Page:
Ellen Gusin of Kg Polod together with her husband, Andrew Kabu, built a small hut, a homestay near Tudol river where the sight is often described as a one-million-dollar-view by visitors, who visited and experienced the calmness and the serene of the surrounding area.

She also started organic farming within the proximity of her homestay where it become an activity for tourists to experience planting and harvesting of edible plants for their meal.

She said waking up to a spectacular view with such soothing sound of nature could heal and mend a broken soul.

“The only noise you could hear is the gushing water coming from the upper stream and chirping of the birds at dawn and it gives such comforting sound and pleasing to the ears,” she said.

With 150 villagers residing sporadically across the village, Ellen described her humble abode as one of a kind where villagers have always lived harmoniously with nature.

Kiharo Bamboo Hut, the name of their homestay, was created in collaboration with Borneo Eco Tours (BET).

Srchwantz Yasun @Wan of Borneo Eco Tours who frequently visit the villages in Kiulu has established a good relationship with the community there.

An active involvement in the tourism industry had enabled Wan to gain experience and priceless knowledge about the value of the cultures and traditions of the respective villages.

He said that with the natural attraction such as waterfall and scenic jungle beauty, the sub-district has gained attention among the tourism fraternity.

Wan commended the hard work of Ellen and Andrew who took the lead in starting their homestay that are filled with nature-based activities.

“In fact, they already have natural products within their settlement, so, the only thing that we need to impart to them is how to sustain it and maintain it for a long time.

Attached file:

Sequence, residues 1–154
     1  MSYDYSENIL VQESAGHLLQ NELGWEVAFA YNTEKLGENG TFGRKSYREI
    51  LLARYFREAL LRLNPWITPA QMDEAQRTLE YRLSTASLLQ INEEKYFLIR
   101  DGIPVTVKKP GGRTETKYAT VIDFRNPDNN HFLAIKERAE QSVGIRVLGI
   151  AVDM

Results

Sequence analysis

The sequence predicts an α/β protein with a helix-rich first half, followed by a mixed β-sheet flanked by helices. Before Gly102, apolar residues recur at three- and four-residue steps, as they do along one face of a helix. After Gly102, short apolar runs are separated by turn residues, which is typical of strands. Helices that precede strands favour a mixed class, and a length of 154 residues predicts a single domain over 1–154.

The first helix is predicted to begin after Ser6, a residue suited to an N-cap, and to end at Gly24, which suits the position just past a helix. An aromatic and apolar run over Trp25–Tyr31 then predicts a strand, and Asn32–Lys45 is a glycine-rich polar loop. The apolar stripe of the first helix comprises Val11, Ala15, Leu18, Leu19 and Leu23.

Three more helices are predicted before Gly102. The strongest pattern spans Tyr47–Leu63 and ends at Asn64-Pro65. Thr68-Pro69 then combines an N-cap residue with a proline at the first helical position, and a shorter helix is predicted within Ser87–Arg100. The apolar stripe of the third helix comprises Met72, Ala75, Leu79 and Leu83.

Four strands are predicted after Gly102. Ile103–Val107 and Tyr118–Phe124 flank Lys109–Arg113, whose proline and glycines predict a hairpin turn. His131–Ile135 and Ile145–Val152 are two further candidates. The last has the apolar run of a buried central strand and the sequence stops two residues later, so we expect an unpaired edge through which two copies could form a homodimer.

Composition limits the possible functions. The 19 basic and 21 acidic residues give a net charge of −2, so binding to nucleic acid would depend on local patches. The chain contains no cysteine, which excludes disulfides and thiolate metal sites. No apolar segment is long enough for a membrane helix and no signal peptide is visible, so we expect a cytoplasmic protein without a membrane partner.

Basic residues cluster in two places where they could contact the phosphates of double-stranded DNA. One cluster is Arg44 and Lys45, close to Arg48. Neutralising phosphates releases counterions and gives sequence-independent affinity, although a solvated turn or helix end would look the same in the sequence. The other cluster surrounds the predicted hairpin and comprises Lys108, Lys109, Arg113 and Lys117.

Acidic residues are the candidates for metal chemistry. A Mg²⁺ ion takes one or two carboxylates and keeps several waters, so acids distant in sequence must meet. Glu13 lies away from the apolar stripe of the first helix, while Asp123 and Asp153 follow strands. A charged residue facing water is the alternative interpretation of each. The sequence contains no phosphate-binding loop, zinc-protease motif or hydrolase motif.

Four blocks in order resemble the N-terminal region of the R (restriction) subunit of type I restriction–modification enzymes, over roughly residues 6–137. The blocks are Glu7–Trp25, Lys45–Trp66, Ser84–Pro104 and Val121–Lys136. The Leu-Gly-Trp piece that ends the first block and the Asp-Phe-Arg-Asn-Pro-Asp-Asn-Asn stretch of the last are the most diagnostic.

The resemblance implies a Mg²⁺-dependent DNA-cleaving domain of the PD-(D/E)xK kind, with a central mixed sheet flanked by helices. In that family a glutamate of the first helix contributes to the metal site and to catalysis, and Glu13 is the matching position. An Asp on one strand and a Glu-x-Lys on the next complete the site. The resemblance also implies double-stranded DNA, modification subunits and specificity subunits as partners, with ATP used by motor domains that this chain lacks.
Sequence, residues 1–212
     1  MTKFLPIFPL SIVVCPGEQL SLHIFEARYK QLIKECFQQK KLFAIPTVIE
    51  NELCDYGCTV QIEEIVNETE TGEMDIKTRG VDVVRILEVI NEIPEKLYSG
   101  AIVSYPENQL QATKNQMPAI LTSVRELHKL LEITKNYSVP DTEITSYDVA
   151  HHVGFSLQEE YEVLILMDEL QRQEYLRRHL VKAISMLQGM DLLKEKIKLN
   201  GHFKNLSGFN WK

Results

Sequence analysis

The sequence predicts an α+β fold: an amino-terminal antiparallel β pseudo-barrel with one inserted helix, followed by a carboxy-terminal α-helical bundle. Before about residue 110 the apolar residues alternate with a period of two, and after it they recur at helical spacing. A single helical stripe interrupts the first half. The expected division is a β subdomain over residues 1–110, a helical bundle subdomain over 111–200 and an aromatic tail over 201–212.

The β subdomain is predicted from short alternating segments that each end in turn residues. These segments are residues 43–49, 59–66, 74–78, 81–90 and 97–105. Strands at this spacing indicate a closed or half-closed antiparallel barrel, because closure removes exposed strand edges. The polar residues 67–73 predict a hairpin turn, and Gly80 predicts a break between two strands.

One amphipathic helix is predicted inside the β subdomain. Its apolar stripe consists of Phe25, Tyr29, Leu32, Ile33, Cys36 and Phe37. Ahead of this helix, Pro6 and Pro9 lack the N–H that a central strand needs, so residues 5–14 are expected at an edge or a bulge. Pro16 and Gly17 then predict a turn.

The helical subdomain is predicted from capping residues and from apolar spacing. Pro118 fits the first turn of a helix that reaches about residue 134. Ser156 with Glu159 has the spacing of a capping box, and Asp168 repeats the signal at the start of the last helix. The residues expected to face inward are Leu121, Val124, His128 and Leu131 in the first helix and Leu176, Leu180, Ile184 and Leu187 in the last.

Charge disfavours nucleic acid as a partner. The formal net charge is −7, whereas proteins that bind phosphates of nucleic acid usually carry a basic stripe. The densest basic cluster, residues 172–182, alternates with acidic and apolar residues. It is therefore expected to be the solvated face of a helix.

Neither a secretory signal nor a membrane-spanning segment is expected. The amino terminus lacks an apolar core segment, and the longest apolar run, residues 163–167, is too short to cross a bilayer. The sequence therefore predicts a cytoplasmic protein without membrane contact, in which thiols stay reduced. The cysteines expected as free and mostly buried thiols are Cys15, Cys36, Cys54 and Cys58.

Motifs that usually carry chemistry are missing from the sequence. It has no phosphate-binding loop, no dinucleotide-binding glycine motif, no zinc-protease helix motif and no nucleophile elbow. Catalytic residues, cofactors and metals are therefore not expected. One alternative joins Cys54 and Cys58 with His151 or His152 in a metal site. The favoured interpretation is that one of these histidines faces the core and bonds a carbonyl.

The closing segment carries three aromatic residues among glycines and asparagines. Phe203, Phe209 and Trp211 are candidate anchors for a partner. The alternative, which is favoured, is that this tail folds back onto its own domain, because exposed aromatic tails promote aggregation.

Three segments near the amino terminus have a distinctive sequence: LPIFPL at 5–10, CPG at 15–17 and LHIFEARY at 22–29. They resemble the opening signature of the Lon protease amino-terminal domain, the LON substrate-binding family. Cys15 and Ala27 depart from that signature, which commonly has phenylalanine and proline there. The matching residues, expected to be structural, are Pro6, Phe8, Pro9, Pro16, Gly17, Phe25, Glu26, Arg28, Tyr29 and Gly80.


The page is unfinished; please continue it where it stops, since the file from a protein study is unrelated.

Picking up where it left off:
“We need to share to them knowledge about keeping our treasure while, at the same time sharing it to outsiders who appreciate nature,” she said.

Apart from scenic views, Kg Polod is also known for its authentic delicacies, as there are plenty of edible plants that are available in the jungle.

Ellen shared that her parents taught her about wild plants and until today they still consume such these plants as part of their sustenance.

“We do not buy vegetable as we have plenty of them in our backyard, we just need to identify them, pluck them and there you go, that’s part of our daily meal,” she said.

Among the edible plants she shared was polod (soft stem of the palm tree) (this is probably how the village got its name Kg Polod).

There were others such as lombiding (fern), keladi hutan (wild yam),  kantan (a type of ginger), kakatung (wild vegetable) and many more are easily available there. Ellen usually plucks a few types and cooked them to let her visitors sample them during meal times.

Others edible vegetation were poposon, buntui, toguli, tiwak lamba, lopuk, bambangan, togilai, tiwak rombisan, dukaruk palu, tiwak polod, tiwak botu, garing gipun and runtu runtu, she said.

She said that although her homestay was only opened last year in June, her establishment has received many tourists to experience the tranquillity of the place.

“We’ve had visitors from Holland, United Kingdom, Singapore, Hong Kong and France and they were mesmerised with the nature here.  Thank you to BET for coordinating and organising the visits by tourists,” she said.

Ellen said nature is an asset that must be preserved for future generations.

Another potential tourism spot not to be missed is the Kiulu Farmstay which BET took the initiative to build in 2015 using mostly bamboo plants.

It is frequently utilised for team-building events and corporate gatherings. The forest surrounding the farmstay is part of its attraction while the Kiulu rapids are more for the adventurous visitors.

Wan is confident that Kiulu would be among of the most frequented destinations in the near future especially by those tourists who enjoy nature.